[JURIST] UN High Commissioner for Human Rights Navi Pillay [official profile] pressed [statement] Tunisia and Egypt on Tuesday to ensure that women’s rights receive constitutional protection and to include women in the dialogue to shape the future of their countries. Pillay’s statement came in conjunction with International Women’s Day. The High Commissioner expressed concern that constitutional reforms in Egypt were being “undertaken without [women’s] full participation” and that some proposed reforms were discriminatory. Pillay urged action:
In Egypt and Tunisia, women were on Twitter, on Facebook, and on the streets. Women from all walks of life were marching alongside men, pushing boundaries and breaking gender stereotypes, just as eager for change, for human rights and for democracy. … In these moments of historic transition in Egypt and Tunisia, it is important to ensure that women’s rights are not set aside as something to be dealt with after the “crucial” reforms are won. Women’s rights should be at the top of the list of new priorities. … Women … expect their state … to uphold their dignity and worth, and to adopt laws, policies, and strategies that translate these words into tangible results. … Only when women participate fully in policy-making and institution-building will their perspective be truly integrated. The concept of democracy is only truly realised when political decision-making is shared by women and men, and women’s full participation in institutional re-building is guaranteed. Societies in which women are excluded, formally or informally, from public life, cannot be described as truly democratic.
Pillay addressed the persistent inequality between men and women around the world and urged vigilance against retrogression, and full participation in reform. Egypt’s military council has been running the country since Egyptian president Hosni Mubarak was forced out [JURIST report] and has indicated a referendum will be held March 19 on constitutional reforms [Reuters report] proposed by a committee of legal experts.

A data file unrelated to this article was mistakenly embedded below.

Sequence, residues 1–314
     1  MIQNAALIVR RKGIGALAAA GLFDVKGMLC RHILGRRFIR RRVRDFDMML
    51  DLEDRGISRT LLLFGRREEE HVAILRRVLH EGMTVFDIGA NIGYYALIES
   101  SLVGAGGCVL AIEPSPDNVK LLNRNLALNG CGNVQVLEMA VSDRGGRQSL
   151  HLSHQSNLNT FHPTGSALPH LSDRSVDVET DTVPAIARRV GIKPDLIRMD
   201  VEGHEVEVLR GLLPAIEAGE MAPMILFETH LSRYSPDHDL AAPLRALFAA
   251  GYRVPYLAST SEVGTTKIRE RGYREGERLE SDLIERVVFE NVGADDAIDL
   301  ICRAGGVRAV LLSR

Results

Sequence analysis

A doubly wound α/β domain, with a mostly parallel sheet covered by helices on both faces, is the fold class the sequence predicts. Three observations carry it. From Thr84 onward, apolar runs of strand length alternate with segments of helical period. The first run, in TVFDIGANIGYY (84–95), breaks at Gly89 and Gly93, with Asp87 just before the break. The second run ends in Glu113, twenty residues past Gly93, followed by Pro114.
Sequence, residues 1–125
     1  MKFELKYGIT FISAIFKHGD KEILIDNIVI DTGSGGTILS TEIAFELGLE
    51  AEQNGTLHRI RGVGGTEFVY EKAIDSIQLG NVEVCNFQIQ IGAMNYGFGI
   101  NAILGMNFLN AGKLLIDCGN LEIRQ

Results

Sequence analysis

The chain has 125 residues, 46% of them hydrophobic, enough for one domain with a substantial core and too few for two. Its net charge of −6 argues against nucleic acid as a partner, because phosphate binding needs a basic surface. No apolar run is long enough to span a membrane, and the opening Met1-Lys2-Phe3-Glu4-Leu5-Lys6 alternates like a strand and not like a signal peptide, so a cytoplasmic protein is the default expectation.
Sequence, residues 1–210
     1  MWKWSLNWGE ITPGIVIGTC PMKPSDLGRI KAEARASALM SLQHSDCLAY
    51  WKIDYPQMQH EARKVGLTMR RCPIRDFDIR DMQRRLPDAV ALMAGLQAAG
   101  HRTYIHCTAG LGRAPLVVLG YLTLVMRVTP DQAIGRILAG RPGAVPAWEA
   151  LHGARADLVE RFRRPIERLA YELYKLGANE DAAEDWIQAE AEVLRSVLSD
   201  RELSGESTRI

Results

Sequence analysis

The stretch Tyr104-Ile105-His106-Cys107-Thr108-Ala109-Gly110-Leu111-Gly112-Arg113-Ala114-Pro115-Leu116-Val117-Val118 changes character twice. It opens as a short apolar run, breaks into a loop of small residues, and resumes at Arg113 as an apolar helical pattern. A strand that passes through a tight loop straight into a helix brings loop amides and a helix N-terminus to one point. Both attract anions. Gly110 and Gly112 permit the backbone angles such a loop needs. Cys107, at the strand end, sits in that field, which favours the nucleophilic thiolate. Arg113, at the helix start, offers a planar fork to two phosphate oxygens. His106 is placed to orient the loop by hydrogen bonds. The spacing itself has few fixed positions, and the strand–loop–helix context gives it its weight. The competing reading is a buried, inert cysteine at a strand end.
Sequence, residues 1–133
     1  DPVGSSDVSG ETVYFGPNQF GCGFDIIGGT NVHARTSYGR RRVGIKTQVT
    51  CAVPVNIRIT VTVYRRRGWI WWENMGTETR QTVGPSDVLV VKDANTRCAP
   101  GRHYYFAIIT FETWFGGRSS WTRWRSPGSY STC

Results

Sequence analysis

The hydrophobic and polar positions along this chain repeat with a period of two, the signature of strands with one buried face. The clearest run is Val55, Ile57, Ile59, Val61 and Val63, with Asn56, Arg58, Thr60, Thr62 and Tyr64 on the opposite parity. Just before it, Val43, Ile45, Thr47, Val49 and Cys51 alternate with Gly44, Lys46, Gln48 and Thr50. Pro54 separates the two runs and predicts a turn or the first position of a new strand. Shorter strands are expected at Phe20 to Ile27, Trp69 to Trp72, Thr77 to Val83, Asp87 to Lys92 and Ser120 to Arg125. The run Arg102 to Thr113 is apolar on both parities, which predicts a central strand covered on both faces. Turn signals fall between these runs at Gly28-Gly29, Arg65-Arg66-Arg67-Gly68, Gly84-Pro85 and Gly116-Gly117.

Pillay has vociferously decried the use of violence against protesters in recent months as protests have spread across the Middle East and North Africa [BBC Backgrounder]. Last week, Pillay condemned the response by Middle Eastern governments [JURIST report] to peaceful protests during her opening remarks at the UN Human Rights Council [official website], urging the international community to take a strong stance against violence in Libya. In February, Pillay called on the Libyan government and Libyan leader Muammar Gaddafi [BBC profile] directly to stop the violence directed at protesters [JURIST report] within that nation. Also in February, Pillay said that the Libyan government’s response to recent protests may amount to crimes against humanity [JURIST report].